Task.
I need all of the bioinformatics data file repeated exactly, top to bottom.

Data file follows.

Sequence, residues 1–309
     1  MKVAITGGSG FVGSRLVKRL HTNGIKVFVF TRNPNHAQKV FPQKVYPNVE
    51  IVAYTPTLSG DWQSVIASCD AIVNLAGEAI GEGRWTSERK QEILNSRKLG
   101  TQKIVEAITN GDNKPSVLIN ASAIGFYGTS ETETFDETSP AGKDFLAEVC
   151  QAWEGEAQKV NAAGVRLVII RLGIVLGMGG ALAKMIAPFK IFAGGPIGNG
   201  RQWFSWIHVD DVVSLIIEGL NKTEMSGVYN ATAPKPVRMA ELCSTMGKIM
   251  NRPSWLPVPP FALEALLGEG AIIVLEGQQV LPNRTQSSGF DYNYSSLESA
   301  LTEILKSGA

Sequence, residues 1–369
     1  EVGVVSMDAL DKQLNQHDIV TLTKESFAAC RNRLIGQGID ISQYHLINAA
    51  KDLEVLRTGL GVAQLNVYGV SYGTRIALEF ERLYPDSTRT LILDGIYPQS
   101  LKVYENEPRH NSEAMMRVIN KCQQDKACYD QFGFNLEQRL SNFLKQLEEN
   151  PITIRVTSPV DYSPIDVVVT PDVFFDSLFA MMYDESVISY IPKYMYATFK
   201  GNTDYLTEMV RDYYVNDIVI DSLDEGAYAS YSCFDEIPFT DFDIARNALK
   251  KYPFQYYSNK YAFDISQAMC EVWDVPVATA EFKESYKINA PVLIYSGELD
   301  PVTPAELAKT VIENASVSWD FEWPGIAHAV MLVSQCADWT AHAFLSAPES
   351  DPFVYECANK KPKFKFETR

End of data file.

Sequence, residues 1–309
     1  MKVAITGGSG FVGSRLVKRL HTNGIKVFVF TRNPNHAQKV FPQKVYPNVE
    51  IVAYTPTLSG DWQSVIASCD AIVNLAGEAI GEGRWTSERK QEILNSRKLG
   101  TQKIVEAITN GDNKPSVLIN ASAIGFYGTS ETETFDETSP AGKDFLAEVC
   151  QAWEGEAQKV NAAGVRLVII RLGIVLGMGG ALAKMIAPFK IFAGGPIGNG
   201  RQWFSWIHVD DVVSLIIEGL NKTEMSGVYN ATAPKPVRMA ELCSTMGKIM
   251  NRPSWLPVPP FALEALLGEG AIIVLEGQQV LPNRTQSSGF DYNYSSLESA
   301  LTEILKSGA

Sequence, residues 1–369
     1  EVGVVSMDAL DKQLNQHDIV TLTKESFAAC RNRLIGQGID ISQYHLINAA
    51  KDLEVLRTGL GVAQLNVYGV SYGTRIALEF ERLYPDSTRT LILDGIYPQS
   101  LKVYENEPRH NSEAMMRVIN KCQQDKACYD QFGFNLEQRL SNFLKQLEEN
   151  PITIRVTSPV DYSPIDVVVT PDVFFDSLFA MMYDESVISY IPKYMYATFK
   201  GNTDYLTEMV RDYYVNDIVI DSLDEGAYAS YSCFDEIPFT DFDIARNALK
   251  KYPFQYYSNK YAFDISQAMC EVWDVPVATA EFKESYKINA PVLIYSGELD
   301  PVTPAELAKT VIENASVSWD FEWPGIAHAV MLVSQCADWT AHAFLSAPES
   351  DPFVYECANK KPKFKFETR